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The Pledge China Wants Tech Companies to Sign Pledge


Lu Wei, China’s Internet czar. Beijing has summoned American tech companies to a forum in Seattle next week, while President Obama has suggested they are being hurt by China’s anticompetitive practices. Credit Johannes Eisele/Agence France-Presse — Getty Images

NY Times

HONG KONG — The Chinese government, which has long used its country’s vast market as leverage over American technology companies, is now asking some of those firms to directly pledge their commitment to contentious policies that could require them to turn user data and intellectual property over to the government.

The government distributed a document to some American tech companies earlier this summer, in which it asked the companies to promise they would not harm China’s national security and would store Chinese user data within the country, according to three people with knowledge of the letter who spoke on the condition of anonymity.

The letter also asks the American companies to ensure their products are “secure and controllable,” a catchphrase that industry groups said could be used to force companies to build so-called back doors — which allow third-party access to systems — provide encryption keys or even hand over source code.

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Lu Wei, China’s Internet czar, is expected to speak at a tech forum in Seattle organized by the Chinese government.China Flexes Tech Muscles Before a State VisitSEPT. 8, 2015
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Lu Wei has ratcheted up China’s sophisticated system of online censorship.Gregarious and Direct: China’s Web Doorkeeper DEC. 1, 2014
The document underlines the way China is wielding its power over the American tech industry. Next week, Beijing has also planned a tech forum in Seattle between China’s Internet czar, Lu Wei, and tech companies including Apple, Facebook, IBM, Google and Uber, in a show of how it can get some of the world’s leading tech players to meet even as President Obama has suggested American companies are being hurt by anticompetitive Chinese practices. The forum is timed to coincide with President Xi Jinping‘s first state visit to the United States.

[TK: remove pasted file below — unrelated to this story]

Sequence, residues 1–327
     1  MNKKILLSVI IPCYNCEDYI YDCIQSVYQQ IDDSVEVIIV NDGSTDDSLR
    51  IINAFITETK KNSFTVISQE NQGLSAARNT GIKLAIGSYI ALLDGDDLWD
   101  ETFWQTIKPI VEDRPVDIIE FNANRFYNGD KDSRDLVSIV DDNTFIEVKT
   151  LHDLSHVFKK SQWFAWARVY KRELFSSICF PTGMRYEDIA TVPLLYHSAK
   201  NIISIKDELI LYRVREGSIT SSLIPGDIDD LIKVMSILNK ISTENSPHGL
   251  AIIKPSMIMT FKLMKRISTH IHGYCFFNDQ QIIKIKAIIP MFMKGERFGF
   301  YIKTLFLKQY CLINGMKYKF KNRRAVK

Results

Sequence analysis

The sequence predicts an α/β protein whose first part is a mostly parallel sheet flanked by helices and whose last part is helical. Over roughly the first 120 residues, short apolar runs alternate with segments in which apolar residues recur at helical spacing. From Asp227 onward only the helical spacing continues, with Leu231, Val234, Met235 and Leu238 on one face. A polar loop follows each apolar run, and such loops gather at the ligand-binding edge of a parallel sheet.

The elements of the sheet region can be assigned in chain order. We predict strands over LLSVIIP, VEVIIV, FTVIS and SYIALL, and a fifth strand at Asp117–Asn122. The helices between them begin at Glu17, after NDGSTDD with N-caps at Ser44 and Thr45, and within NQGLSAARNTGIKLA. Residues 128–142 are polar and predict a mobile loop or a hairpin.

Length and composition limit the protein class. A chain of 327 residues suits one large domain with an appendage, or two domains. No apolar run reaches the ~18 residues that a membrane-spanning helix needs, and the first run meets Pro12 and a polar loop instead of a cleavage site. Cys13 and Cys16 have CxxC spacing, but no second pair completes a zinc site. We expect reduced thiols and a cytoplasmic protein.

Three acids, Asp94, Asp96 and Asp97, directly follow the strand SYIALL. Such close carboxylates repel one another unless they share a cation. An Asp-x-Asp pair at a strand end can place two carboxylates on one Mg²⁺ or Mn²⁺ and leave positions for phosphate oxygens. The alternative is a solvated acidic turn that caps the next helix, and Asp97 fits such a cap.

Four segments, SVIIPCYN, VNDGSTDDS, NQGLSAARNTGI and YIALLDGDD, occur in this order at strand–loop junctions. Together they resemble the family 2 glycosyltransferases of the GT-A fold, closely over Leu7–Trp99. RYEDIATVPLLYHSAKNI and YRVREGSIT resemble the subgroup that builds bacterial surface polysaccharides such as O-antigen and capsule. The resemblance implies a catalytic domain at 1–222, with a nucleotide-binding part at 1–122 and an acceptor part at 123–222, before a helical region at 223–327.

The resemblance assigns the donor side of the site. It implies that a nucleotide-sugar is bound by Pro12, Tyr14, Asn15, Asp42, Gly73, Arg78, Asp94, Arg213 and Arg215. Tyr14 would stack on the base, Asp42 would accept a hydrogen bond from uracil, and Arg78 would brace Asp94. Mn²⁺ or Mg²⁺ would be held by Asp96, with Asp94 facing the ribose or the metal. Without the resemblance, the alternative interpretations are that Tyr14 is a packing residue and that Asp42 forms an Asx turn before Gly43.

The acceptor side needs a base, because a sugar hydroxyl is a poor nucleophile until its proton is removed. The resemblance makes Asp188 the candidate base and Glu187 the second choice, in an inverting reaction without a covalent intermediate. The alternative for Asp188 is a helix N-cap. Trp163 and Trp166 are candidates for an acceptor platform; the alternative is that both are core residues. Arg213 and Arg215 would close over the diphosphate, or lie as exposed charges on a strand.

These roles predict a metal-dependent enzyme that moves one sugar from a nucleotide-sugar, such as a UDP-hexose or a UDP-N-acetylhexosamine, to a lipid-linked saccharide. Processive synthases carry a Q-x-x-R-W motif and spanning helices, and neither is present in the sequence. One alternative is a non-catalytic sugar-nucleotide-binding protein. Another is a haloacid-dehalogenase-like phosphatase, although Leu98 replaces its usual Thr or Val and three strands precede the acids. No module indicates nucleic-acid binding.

5. Guarantee the security of user information. To employ effective measures to guarantee that any user information that is collected or processed isn’t illegally altered, leaked or used; to not transfer, store or process any sensitive user information collected within the China market outside China’s borders without express permission of the user or approval from relevant authorities.

6. Accept the supervision of all parts of society. To promise to accept supervision from all parts of society, to cooperate with third-party institutions for assessment and verification that products are secure and controllable and that user information is protected etc. to prove actual compliance with these commitments.

The situation is tricky for American tech companies. Many are eager to take advantage of business opportunities in China before local rivals sew up the market. But they have to tread carefully given the Chinese government’s sensitivities on issues like censorship and security. Facebook and Google are among those blocked by China’s web filters from offering their core services in the country, which is the world’s biggest Internet market.

It is not clear whether any of the companies invited to the Seattle tech forum received the pledge. The document was sent by the China Information Technology Security Evaluation Center, most likely under pressure from China’s main Internet regulator, according to one of the people with knowledge of the letter.

It is also unclear when Chinese officials want a response from the companies on the pledge, but they may be hoping for some sign during next week’s tech forum, or at an Internet conference hosted by China’s Internet regulators later in the year, these people said.

The Cyberspace Administration of China did not respond to a faxed request for comment on the pledge.

Uber, Apple, Google, IBM, Microsoft and Facebook did not immediately respond to requests for comment.